One of the issues raised in Mogherini’s recent visit to Tehran was the opening of an EU office in Tehran.
In a joint press conference with the EU foreign policy chief on Saturday, April 16, Iranian Foreign Minister Mohammad Javad Zarif said that the two sides had conferred on preparing the grounds for the opening of a permanent office.
The EU has 28 member states, more than 500 million citizens, and a GDP of $18.4 trillion (2014). Therefore, the opening of such an office in Tehran can be considered a beneficial and useful development for the Iranian nation.
This would lead to the following results:
♦ Iran and the EU would be able to improve the level of their cooperation in different economic, political, social, and cultural fields. Such promotion would benefit the Iranian nation and government, as well as the EU member states, people, and institutions.
Iran is faced with a global wave of Iranophobia. Unfortunately, there are many outlets in the world actively spreading propaganda to distort the developments in Iran. They are constantly trying to deny or misrepresent positive events in the country, including the elections, the improvement of human rights conditions, and the reinforcement of civil society.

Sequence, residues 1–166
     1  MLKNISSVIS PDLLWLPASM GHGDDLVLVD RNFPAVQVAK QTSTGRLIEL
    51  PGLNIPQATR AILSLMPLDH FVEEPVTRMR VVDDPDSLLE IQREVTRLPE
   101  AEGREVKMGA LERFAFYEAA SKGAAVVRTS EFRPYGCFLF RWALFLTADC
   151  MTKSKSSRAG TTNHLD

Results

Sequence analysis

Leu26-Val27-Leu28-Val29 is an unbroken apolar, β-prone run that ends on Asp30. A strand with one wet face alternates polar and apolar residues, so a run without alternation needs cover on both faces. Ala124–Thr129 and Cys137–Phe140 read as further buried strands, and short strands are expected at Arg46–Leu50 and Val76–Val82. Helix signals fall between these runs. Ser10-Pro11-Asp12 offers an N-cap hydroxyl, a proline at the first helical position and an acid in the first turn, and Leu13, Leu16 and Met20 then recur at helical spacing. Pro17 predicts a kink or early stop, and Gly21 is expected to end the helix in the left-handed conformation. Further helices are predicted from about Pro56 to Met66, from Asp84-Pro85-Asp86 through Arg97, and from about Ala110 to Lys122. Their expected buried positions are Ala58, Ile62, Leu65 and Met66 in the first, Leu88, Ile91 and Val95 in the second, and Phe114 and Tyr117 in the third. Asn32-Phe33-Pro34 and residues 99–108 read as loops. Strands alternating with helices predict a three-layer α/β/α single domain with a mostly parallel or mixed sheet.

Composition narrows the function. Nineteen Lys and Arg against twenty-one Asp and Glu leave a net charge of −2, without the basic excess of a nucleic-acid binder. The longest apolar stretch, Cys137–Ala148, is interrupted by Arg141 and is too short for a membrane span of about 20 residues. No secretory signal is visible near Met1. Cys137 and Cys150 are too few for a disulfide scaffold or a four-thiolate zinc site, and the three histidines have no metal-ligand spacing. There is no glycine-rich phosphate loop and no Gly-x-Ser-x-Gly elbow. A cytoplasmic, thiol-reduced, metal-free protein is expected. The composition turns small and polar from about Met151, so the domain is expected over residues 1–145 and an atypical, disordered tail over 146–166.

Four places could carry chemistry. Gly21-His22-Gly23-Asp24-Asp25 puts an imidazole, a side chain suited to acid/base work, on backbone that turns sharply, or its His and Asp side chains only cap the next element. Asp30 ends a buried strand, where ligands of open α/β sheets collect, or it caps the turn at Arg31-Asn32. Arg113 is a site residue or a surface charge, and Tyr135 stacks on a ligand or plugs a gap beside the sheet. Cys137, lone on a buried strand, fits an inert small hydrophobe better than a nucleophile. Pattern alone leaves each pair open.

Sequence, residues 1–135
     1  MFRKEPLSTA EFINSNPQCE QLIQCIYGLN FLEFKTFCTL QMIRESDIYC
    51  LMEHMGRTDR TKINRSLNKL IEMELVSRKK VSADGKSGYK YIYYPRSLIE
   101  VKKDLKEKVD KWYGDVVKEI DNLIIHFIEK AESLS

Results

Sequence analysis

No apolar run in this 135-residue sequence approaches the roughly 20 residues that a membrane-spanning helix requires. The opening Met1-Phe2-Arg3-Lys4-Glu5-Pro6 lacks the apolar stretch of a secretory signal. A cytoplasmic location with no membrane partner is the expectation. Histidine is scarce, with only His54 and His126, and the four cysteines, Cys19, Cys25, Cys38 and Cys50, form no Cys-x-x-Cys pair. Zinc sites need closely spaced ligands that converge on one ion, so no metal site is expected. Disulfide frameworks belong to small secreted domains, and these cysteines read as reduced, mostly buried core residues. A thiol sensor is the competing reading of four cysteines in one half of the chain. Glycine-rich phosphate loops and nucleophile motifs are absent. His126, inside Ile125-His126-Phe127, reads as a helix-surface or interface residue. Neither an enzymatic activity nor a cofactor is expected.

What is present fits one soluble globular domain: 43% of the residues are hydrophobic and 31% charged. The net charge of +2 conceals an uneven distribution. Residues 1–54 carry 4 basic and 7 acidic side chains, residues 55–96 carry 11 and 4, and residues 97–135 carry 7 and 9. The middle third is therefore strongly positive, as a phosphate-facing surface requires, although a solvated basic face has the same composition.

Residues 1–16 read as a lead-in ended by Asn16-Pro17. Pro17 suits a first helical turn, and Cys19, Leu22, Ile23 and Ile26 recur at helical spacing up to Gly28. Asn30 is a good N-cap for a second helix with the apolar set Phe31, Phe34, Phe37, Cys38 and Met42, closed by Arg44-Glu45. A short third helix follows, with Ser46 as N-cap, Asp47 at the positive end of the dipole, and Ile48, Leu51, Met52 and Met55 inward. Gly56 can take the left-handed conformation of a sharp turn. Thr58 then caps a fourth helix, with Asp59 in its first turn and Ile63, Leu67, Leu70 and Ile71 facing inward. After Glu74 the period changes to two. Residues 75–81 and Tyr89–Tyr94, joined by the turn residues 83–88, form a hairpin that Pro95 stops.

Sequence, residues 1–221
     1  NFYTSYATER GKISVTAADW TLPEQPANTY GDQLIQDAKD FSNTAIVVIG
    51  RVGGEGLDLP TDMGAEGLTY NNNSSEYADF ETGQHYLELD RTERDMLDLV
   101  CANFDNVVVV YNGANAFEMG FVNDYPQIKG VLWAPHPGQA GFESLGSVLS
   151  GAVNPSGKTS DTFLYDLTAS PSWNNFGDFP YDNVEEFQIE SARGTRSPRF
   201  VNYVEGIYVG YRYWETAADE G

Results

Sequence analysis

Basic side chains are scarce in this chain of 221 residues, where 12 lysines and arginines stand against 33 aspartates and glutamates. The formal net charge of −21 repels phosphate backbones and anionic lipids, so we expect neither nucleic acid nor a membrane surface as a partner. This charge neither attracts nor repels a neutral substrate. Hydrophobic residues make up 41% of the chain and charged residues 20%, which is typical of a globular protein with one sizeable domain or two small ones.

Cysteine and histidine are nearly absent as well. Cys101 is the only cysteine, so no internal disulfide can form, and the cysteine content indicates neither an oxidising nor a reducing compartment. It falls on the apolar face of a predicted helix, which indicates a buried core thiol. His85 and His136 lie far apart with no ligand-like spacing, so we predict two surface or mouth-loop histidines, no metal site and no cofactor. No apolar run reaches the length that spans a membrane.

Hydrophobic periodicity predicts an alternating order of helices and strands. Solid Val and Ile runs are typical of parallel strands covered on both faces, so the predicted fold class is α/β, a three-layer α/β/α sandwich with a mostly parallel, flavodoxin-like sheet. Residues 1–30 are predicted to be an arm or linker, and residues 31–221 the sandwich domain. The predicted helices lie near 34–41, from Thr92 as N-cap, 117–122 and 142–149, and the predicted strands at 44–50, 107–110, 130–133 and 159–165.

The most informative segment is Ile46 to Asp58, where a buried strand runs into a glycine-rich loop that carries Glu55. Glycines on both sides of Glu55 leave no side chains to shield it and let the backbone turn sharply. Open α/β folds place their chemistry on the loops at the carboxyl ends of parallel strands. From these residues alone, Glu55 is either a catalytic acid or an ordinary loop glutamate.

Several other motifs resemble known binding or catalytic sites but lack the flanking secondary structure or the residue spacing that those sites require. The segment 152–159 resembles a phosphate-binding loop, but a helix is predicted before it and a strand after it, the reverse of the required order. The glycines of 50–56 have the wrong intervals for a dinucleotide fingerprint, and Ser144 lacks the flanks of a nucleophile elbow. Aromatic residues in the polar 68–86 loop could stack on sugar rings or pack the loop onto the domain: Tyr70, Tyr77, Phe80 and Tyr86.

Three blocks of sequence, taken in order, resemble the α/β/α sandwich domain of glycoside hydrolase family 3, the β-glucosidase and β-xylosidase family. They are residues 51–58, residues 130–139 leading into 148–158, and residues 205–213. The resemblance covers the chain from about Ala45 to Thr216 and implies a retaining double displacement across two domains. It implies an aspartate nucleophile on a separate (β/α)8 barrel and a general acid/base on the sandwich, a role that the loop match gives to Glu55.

Once the EU opens its office in Tehran, it can directly monitor the positive developments in Iran and Iranian society. This way, the European body can observe the good, positive events in the country, regardless of any false claims and anti-Iranian propaganda spread by foreign-based opposition groups and those aiming to overthrow the Iranian Establishment.
It can thus be predicted that such groups, particularly the MKO (Mojahedin-e-Khalq Organization), would be the strongest opponents of EU’s decision to open its office in Tehran. If that happens, the real Iran would be shown to the world, and thereafter, opposition groups would not be able to present their own wishes and fantasies to European officials, the European Parliament, and the EU member states as the realities of Iran.
♦ The opening of the EU office in Tehran would also enhance economic cooperation between Iran and EU economic commissions.
Today, many European and non-European countries manage their economic activities within the framework of recommendations, suggestions, and standards provided by the EU.
An EU office in Tehran would make Iran more familiar with up-to-date standards, particularly those of the EU. This would improve economic collaboration between Iranians and Europeans. As a result, Iran would be able to boost its capabilities and expand its economic cooperation with other international blocs and countries.